So you fire up your browser, you type "Book a flight to Chicago next Monday to Thursday, no red-eyes, the cheapest. Then, email my friends the itinerary and add it to my calendar". Your browser responds with:
This is the aim of the Ubiquity project at Mozilla, which aims to parse natural language queries to create on-the-fly mashups. In the words of the Mozilla team, it’s about "connecting the Web with language in an attempt to find new user interfaces that could make it possible for everyone to do common Web tasks more quickly and easily." This is a tremendously exciting idea.
In Web 2.0, the idea of a "mashup" is very static…though we can create services that are themselves compositions of micro-services available over the web, our final service is somewhat static, in the sense that our mashup is specific to the intent of the developer that created the mashup.
Projects like Yahoo! Pipes have tried to make it easier to create mashups more "on the fly", by creating a way of graphically orchestrating disparate web-service calls. This is a very similar approach to the "enterprise orchestrations" that can be created with LiveCycle Process Management ES which allows us to graphically orchestrate pre-supplied and custom services into enterprise business processes.
However, as much as Yahoo Pipes may make it easier to create a mashup, the resulting service, despite being a composition of several disparate services, is still static, in the sense that it is only fit for its single intended purpose ("Fetch me the New York Times business stories from the RSS feed, and show me Flickr images alongside each story, with links to Forbes.com profiles for any companies or people mentioned in the story.")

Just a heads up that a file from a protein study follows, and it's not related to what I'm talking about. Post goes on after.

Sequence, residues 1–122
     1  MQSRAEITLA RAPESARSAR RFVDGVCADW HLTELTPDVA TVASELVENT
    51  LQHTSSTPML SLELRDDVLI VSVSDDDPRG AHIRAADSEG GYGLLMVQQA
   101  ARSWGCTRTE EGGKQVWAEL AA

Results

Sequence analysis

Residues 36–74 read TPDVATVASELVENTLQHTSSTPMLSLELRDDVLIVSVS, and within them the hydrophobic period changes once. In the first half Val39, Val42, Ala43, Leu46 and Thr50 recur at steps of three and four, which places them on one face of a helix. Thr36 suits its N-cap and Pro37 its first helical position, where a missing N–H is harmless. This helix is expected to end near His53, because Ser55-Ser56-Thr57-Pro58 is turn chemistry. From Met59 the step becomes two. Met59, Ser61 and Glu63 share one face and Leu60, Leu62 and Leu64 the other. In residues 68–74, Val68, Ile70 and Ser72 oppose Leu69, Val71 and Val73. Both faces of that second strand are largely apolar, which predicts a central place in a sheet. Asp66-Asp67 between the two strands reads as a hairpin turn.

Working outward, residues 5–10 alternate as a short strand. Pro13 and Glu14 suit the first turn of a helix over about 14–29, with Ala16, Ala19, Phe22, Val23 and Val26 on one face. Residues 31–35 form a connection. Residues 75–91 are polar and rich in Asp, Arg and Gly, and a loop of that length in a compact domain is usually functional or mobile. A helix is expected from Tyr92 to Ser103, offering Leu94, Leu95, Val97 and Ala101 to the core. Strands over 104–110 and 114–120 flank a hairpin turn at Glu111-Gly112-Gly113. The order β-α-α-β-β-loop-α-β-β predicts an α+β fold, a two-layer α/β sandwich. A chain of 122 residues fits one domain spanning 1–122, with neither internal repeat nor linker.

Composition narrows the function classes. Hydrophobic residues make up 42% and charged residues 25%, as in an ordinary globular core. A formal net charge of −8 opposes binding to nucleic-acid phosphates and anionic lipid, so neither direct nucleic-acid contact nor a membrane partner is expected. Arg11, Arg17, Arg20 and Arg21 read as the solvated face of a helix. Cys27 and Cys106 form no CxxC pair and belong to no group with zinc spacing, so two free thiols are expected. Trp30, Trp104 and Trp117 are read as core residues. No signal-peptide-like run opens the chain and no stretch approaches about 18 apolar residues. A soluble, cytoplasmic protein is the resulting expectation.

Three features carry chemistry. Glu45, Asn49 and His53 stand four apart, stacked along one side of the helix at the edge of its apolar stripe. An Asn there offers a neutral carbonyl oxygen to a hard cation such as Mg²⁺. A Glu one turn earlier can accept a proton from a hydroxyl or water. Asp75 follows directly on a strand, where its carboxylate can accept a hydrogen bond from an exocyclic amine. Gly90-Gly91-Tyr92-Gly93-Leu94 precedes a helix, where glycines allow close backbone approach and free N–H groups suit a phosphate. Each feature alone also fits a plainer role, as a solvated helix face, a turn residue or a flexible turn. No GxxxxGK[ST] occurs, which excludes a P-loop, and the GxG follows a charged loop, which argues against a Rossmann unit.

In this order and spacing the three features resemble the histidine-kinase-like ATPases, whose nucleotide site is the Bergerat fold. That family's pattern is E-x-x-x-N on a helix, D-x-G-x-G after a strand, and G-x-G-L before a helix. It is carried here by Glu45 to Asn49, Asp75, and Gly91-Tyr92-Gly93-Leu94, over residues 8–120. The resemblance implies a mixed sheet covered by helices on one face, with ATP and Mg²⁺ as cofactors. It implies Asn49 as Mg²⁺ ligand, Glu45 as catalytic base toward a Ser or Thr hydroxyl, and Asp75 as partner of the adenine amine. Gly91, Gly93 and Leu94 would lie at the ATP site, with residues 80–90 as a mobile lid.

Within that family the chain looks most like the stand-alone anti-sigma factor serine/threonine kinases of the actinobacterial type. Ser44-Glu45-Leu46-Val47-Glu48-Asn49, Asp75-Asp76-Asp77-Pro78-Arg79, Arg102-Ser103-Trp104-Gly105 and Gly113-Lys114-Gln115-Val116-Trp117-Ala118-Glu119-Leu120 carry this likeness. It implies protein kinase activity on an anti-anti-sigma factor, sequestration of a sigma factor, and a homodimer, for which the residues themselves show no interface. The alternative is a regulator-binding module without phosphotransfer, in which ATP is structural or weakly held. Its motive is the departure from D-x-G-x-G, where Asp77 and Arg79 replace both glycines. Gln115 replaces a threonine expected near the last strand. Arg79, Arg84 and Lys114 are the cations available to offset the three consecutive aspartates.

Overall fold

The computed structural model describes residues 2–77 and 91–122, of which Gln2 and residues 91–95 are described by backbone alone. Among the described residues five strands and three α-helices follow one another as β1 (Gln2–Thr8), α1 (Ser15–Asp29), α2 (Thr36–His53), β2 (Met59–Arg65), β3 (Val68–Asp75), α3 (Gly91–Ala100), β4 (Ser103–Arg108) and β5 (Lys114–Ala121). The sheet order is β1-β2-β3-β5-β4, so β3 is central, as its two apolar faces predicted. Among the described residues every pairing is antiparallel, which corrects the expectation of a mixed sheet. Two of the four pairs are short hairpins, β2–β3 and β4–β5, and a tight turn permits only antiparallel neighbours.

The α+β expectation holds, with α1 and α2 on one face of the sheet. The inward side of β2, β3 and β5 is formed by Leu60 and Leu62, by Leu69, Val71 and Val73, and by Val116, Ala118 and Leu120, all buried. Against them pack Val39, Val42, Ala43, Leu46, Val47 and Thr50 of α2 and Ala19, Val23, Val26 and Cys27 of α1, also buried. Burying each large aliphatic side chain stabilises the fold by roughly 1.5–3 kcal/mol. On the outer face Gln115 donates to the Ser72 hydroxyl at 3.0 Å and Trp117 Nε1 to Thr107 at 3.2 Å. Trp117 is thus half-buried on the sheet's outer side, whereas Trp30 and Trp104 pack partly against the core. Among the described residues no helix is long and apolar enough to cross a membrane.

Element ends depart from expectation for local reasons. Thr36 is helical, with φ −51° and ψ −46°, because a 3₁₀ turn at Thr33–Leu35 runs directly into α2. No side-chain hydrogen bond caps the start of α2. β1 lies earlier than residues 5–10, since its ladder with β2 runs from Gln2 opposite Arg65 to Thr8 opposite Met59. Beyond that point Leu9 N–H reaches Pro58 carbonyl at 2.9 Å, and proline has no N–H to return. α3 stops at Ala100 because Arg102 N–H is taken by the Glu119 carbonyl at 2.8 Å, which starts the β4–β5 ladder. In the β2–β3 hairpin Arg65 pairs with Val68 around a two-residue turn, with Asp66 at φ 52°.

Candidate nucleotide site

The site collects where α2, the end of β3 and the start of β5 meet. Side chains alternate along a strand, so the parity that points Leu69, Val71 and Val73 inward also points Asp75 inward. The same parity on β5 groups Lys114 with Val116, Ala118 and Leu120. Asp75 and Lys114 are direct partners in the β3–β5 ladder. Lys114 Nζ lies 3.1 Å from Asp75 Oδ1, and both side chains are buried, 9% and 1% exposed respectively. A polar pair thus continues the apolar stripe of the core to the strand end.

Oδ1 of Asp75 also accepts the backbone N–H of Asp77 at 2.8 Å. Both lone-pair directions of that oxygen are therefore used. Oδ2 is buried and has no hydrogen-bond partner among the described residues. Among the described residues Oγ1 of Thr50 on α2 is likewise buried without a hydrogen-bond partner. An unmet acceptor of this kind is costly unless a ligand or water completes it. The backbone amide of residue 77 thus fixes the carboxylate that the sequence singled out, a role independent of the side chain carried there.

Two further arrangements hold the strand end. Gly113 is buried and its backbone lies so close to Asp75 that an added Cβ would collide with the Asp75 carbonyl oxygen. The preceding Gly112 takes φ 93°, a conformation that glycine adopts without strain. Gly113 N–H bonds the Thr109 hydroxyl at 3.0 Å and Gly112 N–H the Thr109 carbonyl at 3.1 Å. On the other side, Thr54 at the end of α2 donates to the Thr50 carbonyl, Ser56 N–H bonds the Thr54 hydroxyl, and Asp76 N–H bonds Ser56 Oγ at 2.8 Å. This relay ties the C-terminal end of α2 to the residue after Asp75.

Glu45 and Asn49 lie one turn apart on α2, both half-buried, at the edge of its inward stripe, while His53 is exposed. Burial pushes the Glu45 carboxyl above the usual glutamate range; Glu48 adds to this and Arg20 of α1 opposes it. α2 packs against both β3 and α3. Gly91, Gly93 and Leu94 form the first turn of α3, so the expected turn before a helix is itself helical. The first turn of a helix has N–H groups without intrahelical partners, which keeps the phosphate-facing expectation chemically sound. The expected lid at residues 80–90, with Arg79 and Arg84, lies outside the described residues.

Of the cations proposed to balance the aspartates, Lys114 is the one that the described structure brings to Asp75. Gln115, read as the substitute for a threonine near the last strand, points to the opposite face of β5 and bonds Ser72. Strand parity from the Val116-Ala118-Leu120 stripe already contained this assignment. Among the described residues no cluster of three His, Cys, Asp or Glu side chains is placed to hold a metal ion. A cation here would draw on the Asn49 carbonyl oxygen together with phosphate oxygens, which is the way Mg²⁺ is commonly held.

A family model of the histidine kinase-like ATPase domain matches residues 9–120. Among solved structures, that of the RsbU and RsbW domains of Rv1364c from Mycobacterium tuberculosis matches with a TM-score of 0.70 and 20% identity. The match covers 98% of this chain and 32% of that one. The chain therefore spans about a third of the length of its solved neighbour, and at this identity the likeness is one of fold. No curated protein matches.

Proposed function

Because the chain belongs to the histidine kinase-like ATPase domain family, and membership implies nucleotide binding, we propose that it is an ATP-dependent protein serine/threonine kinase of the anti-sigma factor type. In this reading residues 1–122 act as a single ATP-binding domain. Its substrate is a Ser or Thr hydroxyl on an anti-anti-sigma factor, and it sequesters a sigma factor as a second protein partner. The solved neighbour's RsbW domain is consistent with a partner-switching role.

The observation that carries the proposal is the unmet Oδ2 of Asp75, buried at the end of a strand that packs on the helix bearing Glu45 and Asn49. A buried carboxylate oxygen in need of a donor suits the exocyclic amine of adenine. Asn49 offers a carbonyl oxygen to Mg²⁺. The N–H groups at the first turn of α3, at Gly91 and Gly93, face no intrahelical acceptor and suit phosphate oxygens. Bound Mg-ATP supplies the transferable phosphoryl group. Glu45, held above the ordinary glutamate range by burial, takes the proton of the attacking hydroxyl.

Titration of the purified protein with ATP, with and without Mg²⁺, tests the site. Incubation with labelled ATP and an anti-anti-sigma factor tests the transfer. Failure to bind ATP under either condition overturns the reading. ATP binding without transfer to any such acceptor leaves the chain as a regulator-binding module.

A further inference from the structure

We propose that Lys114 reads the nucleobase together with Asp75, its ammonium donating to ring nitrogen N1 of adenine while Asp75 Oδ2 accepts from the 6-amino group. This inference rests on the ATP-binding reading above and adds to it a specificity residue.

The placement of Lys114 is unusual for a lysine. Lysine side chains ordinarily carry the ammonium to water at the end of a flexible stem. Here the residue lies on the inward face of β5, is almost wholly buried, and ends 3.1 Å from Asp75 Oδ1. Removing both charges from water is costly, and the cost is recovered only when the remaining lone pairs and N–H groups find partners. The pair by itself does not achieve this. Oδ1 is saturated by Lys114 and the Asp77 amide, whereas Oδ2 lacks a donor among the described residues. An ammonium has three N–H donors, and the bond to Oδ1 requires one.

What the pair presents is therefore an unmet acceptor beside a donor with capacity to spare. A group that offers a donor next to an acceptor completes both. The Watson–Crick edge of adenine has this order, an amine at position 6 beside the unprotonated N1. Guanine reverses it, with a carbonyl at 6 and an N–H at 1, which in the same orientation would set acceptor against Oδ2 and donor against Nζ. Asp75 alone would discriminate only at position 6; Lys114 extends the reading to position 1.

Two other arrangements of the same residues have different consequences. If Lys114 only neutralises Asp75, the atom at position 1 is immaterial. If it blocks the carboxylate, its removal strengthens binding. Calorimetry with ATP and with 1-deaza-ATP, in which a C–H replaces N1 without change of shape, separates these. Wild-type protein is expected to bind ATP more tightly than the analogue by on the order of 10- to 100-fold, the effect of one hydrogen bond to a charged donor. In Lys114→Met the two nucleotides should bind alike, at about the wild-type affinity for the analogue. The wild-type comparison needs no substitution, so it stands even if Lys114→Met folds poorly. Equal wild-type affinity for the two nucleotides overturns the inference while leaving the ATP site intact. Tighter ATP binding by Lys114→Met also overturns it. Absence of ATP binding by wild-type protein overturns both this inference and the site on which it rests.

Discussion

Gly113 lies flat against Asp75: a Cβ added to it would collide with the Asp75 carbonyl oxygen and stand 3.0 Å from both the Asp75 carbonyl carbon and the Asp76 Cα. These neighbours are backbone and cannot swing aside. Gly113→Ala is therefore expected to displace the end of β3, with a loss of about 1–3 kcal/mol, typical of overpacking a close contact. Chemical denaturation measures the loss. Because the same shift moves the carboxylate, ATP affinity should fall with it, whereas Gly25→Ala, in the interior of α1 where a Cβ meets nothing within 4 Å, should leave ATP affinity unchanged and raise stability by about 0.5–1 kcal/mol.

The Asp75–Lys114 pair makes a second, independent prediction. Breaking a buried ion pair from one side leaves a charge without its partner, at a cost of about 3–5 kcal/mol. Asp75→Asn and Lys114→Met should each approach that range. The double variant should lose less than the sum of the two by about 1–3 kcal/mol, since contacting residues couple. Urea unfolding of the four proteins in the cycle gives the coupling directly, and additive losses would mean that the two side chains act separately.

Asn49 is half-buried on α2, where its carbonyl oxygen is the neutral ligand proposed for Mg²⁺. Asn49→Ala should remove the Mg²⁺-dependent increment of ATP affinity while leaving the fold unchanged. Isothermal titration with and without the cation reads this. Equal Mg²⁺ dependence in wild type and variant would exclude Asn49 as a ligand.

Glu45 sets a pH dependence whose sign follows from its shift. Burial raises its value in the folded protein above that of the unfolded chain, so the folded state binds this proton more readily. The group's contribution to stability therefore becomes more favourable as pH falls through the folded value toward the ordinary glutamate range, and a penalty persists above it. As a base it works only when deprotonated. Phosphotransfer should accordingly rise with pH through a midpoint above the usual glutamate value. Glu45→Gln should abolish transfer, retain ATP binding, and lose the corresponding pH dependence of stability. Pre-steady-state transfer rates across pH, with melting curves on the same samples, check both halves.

What I love about the vision behind Ubiquity, is that it aspires to offer the most simple, easy and effective of user-experiences – a natural language query or imperative – while "behind the glass" have the most complex of dynamic orchestrations from a catalogue of known or discoverable web-services. Much like Tivo, or purchasing music while sat in your sofa with your wireless iPod, this has all the opportunities of seeming like the easiest transaction to offer, truly hiding the end-user from the smarts, the intelligence and the complexity required in silicon and code to make it happen.
Get this project working effectively, put speech to text on the natural language query, and this gets even more exciting…
Check out the project at http://labs.mozilla.com/2008/08/introducing-ubiquity/